Location: Currently in Lake Stevens, WA. Home in Spokane
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That uprisingorganic site mentioned something that brings up another use for these seeds:

Seeds must be harvested relatively soon after harvesting the pumpkins or they will begin to sprout.


Hmm. Another good source of sprouts. Being hull less, this should be quick and easy.
 
Posts: 25
Location: Finland, northern Satakunta
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As you experiment with this green oil, beware one thing. My friends in Graz (i.e. within the native reagon of this oil) warned me that if you get a stain, it can not be washed away with regular detergents or even stain removers. The only thing that really works is sunlight. It will gradually fade the stain.

Luckily I haven't yet had to prove this right or wrong... pumpkin seed oil is simply one of the best oils for salad. You can get addicted to it. Sure, the seeds are delicious just like that, too. Perhaps I will try growing it someday, if I ever get that greenhouse... our summers might be a bit too short for this variety to grow on the field.
 
Posts: 164
Location: North of France
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Thanks for this very informative thread.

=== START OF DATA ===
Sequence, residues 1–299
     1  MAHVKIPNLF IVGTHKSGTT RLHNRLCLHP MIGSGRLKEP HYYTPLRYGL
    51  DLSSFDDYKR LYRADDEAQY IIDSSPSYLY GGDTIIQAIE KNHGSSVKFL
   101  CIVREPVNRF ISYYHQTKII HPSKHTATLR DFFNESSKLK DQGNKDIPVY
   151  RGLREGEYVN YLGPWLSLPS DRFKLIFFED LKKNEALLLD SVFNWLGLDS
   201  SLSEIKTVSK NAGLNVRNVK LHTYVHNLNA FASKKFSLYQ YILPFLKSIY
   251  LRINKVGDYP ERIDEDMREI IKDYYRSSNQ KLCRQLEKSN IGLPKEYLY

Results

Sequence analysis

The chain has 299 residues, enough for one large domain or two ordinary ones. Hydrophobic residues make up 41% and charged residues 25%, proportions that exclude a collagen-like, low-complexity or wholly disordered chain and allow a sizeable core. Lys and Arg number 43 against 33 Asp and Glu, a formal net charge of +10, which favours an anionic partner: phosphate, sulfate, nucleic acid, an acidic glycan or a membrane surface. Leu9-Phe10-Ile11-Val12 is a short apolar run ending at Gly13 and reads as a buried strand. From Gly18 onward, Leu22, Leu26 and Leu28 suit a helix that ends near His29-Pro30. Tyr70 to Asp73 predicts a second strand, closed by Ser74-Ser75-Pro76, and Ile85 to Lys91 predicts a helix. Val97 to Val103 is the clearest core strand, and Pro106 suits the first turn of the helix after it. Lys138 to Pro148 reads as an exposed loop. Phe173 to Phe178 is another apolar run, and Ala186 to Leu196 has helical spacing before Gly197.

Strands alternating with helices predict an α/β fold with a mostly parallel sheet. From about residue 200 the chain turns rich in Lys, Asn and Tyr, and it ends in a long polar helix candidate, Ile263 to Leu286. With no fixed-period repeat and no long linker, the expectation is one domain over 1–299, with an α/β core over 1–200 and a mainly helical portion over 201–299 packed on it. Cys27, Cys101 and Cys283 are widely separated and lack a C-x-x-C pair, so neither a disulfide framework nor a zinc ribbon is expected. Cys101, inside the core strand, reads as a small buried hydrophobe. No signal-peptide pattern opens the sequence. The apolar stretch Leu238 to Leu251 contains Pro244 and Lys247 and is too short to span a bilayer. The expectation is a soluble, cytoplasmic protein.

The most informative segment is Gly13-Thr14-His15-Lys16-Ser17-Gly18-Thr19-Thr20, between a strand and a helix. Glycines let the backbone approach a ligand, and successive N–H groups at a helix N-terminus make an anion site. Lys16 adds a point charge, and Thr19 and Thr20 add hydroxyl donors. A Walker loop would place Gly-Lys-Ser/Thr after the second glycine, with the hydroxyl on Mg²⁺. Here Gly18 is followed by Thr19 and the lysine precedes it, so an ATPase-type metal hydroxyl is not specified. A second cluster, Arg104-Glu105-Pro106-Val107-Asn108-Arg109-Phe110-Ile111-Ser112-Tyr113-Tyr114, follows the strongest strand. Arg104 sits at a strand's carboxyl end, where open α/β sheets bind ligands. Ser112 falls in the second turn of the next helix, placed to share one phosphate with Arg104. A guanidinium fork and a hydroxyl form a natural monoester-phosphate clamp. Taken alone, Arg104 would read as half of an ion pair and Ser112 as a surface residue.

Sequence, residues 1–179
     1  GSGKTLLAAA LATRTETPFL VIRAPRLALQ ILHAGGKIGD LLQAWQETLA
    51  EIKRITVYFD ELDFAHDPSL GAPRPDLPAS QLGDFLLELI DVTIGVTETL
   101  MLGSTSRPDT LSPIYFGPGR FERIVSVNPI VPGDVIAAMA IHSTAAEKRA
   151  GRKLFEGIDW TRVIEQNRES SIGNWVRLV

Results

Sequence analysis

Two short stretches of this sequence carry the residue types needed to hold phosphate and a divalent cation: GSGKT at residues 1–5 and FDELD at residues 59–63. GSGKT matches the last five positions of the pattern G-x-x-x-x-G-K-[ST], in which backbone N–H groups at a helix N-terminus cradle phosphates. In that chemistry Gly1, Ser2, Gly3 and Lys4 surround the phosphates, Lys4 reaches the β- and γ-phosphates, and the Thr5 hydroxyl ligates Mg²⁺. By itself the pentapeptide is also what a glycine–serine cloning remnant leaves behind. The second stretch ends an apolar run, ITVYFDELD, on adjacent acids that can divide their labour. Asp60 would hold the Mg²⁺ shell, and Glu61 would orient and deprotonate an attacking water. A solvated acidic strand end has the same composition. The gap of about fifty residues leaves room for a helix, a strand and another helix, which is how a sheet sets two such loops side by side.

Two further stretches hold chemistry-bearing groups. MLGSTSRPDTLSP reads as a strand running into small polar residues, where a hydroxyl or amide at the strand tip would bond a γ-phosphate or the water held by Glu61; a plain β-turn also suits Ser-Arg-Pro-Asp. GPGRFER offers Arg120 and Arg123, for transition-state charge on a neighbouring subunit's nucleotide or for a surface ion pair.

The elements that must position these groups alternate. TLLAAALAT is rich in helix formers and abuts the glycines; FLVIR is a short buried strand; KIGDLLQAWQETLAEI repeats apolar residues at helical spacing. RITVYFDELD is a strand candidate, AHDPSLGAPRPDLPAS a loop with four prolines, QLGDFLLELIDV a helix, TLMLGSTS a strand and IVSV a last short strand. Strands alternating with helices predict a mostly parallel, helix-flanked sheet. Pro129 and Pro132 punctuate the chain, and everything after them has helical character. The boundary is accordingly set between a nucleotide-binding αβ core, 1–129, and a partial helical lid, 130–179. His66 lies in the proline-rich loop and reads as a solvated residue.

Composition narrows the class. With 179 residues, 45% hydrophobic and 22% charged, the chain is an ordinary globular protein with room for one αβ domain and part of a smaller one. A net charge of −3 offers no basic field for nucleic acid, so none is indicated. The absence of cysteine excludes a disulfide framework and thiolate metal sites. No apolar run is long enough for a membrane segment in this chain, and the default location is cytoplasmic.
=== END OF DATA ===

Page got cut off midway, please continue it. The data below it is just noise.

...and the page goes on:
I have just harvested a 'Lady Godiva' in my garden, and will remove the seeds soon.
I'm looking forward to growing more hulless cultivars next year.
 
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I grew the Johnnies Selected Seeds version:

http://www.johnnyseeds.com/p-5701-kakai.aspx


The seeds are indeed hulless and very tasty, but only about half of the pumpkins produced nicely filled out seeds. I'm going to try to plant those and refine a more reliable variety.

They do like a rich soil...


You'd be shockingly lucky to even get half a liter of seeds per pumpkin, and the oil would be much less than that of course.


 
Posts: 4
Location: Gabriola Island , BC.
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West Coast Seeds in Vancouver (on-line catalogue ) has a hulless pumpkin called Lady Godiva.
 
Posts: 45
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We have grown these guys for several years and love them. Never used them for oil but we regularly get about 130gm of seed per pumpkin and they turn up everywhere from breakfast muffins to toppings on lasagne. Some cultural notes.

Pick when they are starting to colour up and store in a dry place. They will continue to ripen there. If you leave them out to ripen there is a risk that rain will flush the plant and cause the seeds to germinate. The other benefit of early picking is that the plant often sets another couple of fruit and more seed.

We gave up trying to flavour them for human consumption but they make a great treat for my cow at milking time. I chop them into batons and the skin is hard enough that she has to chew thoroughly before swallowing so a third of a pumpkin keeps her happy while I finish milking. I'm planting a bigger crop this year to keep her happy and us vegos in seed.

A friend takes his seeded halves and lays them cut side up for his ducks. The halves fill with water and the flesh starts to rot and the ducks love it.